Woman on top – Clara Nzima
Head of SABC 1 CLARA NZIMA is bowing out after 35 years of contributing to and heading up Mzansi’s largest TV channel. She reflects on an illustrious journey
Sis’ Clara, as Nzima is commonly referred to in the SABC corridors, has seen the channel take on various brand positionings. From TV2, then CCTV, followed by Simunye! We Are One to Ya Mampela and more recently Mzansi Fo Sho!, Nzima has been a constant force through all these transitions.
She joined the broadcaster in 1983 after applying for a production secretary vacancy advertised in the Sowetan. At the time, she held a BA in isiZulu and Psychology from the University of Zululand and didn’t anticipate a protracted career journey. “I started out teaching English and isiZulu at Kenneth Masekela High School, in Kwa Thema, Springs. I loved the idea of being a social worker but, in a way, where I am today is social work of a different kind. Working for a public broadcaster puts one in a privileged position to influence people’s lives in a positive way,” Nzima explains.
She attributes her successful ascent up the corporate ladder to being assertive and dedicated to the bigger picture of wanting to make a change. For instance, she started out assisting producers with scripts and their productions, but passion saw her put her stamp on any script she’d touch. “I upskilled myself through the SABC’s six-month training programme where you learn everything about production — from scriptwriting to producing and directing,” she says, adding that she was named best production secretary at the end of that course. In the ‘80s, she was part of the team responsible for dubbing vernacular on foreign content.
Nzima has held various roles throughout her 35-year tenure at SABC1. Those include working in the youth and children’s drama department, to commissioning shows and later became programming manager. She cites Zikhethele as well as Mina Nawe among her top career highlights as they gave her the platform to establish herself creatively. “Zikhethele was a youth drama based in a school of performing arts, and written by the renowned Richard Beynon. They needed someone to translate the script so I came in highly recommended. I ended up rewriting the entire thing because I had the right insights into the black market. The show went on for three seasons and was 39 episodes in total.” She still can’t believe something she initially viewed as a challenge went on to scoop numerous awards.
Mina Nawe was Nzima’s own youth drama production inspired by the many teenage suicides in SA communities at the time. “The 13 episodes were aired in the early 90s and the show went on to win an IDEM Award for best script .
Not only did she pen productions and witness them come to life, but she also opened doors for many aspiring creators in the television industry. As the microcosm of the country, the SABC had to literally ‘get with the programme’ when the country was transitioning into democracy. “We wanted to get more black practitioners to tell authentic black stories, so we trained young black aspiring producers and directors,” she says. Nzima mentions that of the young group of creatives that the SABC trained during that time, Neo Matsunyane and Archie Mzazi are still practising.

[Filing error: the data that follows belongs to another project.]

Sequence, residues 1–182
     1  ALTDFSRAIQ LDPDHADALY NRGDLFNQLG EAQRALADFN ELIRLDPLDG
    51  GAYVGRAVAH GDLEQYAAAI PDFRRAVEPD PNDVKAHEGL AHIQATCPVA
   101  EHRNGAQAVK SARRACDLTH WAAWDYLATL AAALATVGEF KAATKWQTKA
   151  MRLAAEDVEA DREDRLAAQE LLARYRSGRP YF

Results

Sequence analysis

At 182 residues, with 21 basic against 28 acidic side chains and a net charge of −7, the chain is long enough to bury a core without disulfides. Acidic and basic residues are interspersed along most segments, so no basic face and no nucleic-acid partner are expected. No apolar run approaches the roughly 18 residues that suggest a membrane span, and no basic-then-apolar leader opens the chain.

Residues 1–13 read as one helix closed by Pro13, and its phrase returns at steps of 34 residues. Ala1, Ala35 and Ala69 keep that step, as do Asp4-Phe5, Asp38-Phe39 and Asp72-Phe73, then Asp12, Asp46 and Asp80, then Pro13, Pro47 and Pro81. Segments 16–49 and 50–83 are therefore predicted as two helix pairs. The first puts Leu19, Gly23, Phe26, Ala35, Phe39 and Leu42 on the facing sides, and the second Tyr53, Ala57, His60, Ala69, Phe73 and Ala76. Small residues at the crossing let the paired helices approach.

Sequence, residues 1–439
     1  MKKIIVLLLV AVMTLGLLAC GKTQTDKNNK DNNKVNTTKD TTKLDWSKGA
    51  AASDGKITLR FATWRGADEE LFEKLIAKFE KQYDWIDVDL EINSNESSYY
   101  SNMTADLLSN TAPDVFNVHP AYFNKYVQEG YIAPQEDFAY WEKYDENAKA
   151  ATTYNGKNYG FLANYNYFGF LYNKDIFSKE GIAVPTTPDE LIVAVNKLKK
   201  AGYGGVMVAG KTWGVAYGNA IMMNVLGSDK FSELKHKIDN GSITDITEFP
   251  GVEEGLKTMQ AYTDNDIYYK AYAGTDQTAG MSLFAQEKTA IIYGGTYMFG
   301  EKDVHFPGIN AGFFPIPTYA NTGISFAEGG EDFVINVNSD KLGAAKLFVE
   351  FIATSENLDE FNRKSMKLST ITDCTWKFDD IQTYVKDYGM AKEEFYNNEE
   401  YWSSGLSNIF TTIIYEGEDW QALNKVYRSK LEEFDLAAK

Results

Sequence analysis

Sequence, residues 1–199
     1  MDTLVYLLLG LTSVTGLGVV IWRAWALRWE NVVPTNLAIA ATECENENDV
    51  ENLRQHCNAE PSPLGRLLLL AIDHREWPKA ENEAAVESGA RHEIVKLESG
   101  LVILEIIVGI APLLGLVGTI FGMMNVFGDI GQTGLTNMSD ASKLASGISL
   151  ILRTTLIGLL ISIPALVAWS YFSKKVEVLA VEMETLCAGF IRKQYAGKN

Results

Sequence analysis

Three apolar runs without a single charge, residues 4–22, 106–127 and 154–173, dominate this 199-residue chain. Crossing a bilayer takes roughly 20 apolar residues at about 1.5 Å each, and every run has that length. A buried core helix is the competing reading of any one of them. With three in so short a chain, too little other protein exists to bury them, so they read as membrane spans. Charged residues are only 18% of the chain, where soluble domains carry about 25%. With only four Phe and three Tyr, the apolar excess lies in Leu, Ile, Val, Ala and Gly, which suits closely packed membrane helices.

She nonchalantly mentions how hard she fought for groundbreaking productions like the old Generations, Yizo Yizo and YOTV to see the light of day. “I acknowledge that everything I’ve achieved so far is amazing but with TV, you can’t claim sole responsibility for the success of something because everything boils down to team effort. I’m grateful to those who came before me because they laid a great foundation. All I had to do was take it a step further,” she continues.
Taking the SABC1 brand up a notch means constantly researching the viewer — who they are and what they expect from their favourite channel. “We live on research, evaluate our performance on a weekly basis and ask relevant questions where we need to. If our ratings drop, we always try and find out why. As the number one channel in the country, we can’t ever rest on our laurels or settle into routine,” she says. “There’s always someone trying to unseat SABC1 from its number one spot,” she quips.
Remaining at the top may be hard, but her focus has never been on chasing social media relevance and conversations but more maintaining the channel’s DNA. She acknowledges that SABC1 hasn’t fully capitalised on digital media, saying that is an area they’re yet to improve on. “The one thing we have always done correctly is to respect our audience, and not take them for granted at all. We strive to constantly be innovative because there are lots of stories to be told. How you tell each story makes you stand out,” she says.
The indelible mark Nzima’s made at SABC 1 is one that will definitely outlive her. She believes it’s time she passed on the baton to younger leaders. “I’m leaving the channel in good hands, with a group of people that understand both the channel and its audience. Being a part of something this big was a true honour and privilege,” she says.